"There's no way to know that for sure right now," Ronnie
said. He was being very savvy. He knew that if he told me up
front that it could be months, even years, I would freak out. "It's
incremental. It takes patience. Let's get you spending time with
your kids again, and then we'll see where we are."
Despite all my big talk about how I would do anything to see
my daughters, I was not happy. Ronnie, I concluded, was going
to be my daughters' new dad for the next year, and I was going
to be his bumbling sidekick.
Our initial meeting with Ronnie was at Crown Center mall
in downtown Kansas City. My daughters and their mom pulled
up next to the fountain outside the large glass-fronted building
while I waited inside and watched. Ronnie met Margaret and
Portia at the car and walked them in.
"Ronnie is going to be hanging out with us today," I said.
It still makes me sick to my stomach, writing this years later.
"Sound good to you guys?"
They nodded, a bit carefully. They knew that something
wasn't 100 percent right, but they were willing to play along.
I hadn't told them what role Ronnie was going to be playing in
our lives-just that he was going to be keeping us company during our visitation.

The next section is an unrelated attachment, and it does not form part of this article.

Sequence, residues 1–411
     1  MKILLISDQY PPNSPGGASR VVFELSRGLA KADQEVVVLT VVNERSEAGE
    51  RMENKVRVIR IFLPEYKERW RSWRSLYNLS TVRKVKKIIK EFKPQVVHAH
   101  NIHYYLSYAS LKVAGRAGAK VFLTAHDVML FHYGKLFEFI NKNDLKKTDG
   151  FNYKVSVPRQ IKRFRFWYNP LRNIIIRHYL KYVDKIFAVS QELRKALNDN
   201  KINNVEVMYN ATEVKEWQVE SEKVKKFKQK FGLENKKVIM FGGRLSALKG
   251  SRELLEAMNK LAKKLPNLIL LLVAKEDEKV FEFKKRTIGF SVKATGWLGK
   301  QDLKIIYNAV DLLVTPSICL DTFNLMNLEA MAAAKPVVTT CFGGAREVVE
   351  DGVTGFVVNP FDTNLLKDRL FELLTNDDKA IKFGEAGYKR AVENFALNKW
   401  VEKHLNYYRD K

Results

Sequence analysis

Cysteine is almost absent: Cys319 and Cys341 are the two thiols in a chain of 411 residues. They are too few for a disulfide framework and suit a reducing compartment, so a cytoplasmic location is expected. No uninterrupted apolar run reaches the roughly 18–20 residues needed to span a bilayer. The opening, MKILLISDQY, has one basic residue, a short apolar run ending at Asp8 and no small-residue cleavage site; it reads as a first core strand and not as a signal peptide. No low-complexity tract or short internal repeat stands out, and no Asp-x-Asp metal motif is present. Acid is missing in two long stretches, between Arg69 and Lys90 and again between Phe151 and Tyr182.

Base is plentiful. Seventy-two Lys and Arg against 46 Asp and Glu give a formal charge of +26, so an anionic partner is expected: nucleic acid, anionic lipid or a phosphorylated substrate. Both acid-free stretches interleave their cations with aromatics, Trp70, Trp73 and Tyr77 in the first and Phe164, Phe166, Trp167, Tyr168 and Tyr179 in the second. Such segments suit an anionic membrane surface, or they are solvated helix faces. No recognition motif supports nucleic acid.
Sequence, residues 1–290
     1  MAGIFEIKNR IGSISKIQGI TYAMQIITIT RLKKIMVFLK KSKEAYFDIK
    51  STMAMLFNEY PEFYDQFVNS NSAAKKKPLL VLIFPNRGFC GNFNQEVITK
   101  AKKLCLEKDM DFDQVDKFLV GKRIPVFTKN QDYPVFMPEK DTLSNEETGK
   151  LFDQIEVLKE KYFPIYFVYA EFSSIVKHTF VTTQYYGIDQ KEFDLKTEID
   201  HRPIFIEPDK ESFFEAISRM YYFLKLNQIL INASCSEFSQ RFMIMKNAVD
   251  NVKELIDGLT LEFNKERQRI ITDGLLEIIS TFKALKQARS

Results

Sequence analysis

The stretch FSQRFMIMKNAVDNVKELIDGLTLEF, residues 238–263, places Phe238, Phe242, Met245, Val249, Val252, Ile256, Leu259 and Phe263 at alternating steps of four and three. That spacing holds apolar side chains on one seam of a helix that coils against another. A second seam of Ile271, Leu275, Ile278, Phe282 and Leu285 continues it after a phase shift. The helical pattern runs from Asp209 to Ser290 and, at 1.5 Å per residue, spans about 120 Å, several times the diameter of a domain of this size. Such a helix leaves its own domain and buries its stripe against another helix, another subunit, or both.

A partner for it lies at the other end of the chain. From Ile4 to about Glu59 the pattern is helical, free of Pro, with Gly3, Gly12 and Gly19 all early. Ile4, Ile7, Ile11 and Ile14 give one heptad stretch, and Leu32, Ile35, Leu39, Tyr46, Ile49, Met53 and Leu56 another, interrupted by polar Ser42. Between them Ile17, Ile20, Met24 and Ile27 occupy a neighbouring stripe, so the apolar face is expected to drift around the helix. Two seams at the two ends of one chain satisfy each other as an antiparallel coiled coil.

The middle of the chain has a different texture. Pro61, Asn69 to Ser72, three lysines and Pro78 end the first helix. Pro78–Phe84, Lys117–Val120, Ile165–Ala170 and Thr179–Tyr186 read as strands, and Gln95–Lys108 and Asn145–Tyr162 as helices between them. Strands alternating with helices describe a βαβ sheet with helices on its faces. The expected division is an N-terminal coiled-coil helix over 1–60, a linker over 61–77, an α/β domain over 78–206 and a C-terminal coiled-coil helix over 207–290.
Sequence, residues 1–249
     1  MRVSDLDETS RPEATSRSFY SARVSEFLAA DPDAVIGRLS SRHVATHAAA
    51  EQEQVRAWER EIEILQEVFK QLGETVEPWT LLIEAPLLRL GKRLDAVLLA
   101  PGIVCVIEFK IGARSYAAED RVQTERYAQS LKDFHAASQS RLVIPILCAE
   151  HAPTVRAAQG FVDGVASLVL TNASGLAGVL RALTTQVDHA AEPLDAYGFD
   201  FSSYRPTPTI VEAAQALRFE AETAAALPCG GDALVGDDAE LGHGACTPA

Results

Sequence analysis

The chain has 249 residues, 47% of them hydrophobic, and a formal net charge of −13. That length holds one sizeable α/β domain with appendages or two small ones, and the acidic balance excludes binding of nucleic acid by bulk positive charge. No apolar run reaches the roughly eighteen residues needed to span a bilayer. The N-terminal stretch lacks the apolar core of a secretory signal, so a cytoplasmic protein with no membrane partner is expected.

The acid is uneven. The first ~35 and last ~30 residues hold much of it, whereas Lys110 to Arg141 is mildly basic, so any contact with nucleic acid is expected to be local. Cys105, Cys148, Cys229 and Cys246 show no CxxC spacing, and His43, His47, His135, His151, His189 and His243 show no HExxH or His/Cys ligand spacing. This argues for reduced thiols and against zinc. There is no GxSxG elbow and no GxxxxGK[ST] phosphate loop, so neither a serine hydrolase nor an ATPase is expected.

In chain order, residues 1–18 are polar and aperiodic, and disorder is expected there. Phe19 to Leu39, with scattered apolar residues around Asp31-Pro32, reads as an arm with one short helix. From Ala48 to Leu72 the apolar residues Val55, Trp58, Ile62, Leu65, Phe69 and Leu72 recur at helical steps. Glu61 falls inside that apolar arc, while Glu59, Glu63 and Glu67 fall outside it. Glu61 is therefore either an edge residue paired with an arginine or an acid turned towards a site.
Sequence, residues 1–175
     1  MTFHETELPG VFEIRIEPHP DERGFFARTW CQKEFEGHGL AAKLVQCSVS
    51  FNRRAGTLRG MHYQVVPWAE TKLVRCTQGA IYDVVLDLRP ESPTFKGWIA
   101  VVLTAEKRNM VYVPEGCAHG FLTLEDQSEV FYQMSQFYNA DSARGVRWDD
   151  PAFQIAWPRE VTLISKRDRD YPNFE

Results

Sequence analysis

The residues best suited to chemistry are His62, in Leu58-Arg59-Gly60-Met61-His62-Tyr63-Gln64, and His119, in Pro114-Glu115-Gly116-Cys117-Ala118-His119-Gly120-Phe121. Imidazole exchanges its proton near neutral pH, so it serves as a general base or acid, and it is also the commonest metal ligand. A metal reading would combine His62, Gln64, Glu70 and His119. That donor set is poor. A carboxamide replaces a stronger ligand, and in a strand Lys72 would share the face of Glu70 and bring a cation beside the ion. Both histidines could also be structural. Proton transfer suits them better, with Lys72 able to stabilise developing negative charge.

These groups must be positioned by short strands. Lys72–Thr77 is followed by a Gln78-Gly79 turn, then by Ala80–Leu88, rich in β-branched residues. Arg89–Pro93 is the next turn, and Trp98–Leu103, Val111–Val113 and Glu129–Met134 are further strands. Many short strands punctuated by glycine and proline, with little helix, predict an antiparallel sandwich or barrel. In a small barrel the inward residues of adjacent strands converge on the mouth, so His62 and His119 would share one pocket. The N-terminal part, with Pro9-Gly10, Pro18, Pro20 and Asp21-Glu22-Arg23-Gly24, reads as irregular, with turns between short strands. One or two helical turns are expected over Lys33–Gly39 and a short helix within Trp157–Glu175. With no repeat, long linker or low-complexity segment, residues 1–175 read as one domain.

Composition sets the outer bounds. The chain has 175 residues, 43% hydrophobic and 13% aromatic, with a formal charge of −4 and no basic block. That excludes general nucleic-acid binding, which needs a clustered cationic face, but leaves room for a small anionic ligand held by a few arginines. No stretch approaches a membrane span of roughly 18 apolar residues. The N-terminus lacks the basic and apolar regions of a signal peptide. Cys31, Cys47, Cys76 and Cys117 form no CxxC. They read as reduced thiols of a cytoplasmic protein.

We went to Sheridan's Frozen Custard, where I got peanut
butter custard, and Ronnie and the girls got Dirt & Worms. We
strolled around the mall and shopped, and the girls and I played
in the Crayola Store. After a couple of hours, we hugged goodbye, and Ronnie took them back to their mother's car.
The humiliation of this, I can't tell you what it was like. I
can't even really imagine it myself anymore. But it was the only
way I felt certain I was getting them back.
"On that first day," Ronnie told me later, "I gave you a B
plus." He never told me what I'd done wrong. I was disappointed
that I didn't make an A, but since I'm laying my cards on the
table, I'm probably about a B-plus dad on my best days. I mean,
don't get me wrong, I try hard to be a solid A dad. But I expect
I'm still too selfish to earn really top grades. (To be totally fair,
my wife Amie, my ex-wives, and the three of my children who
are old enough to express an opinion all insist that today I have
become an excellent and devoted father, and I hope it's true. On
good days maybe I get an A-minus, for effort.)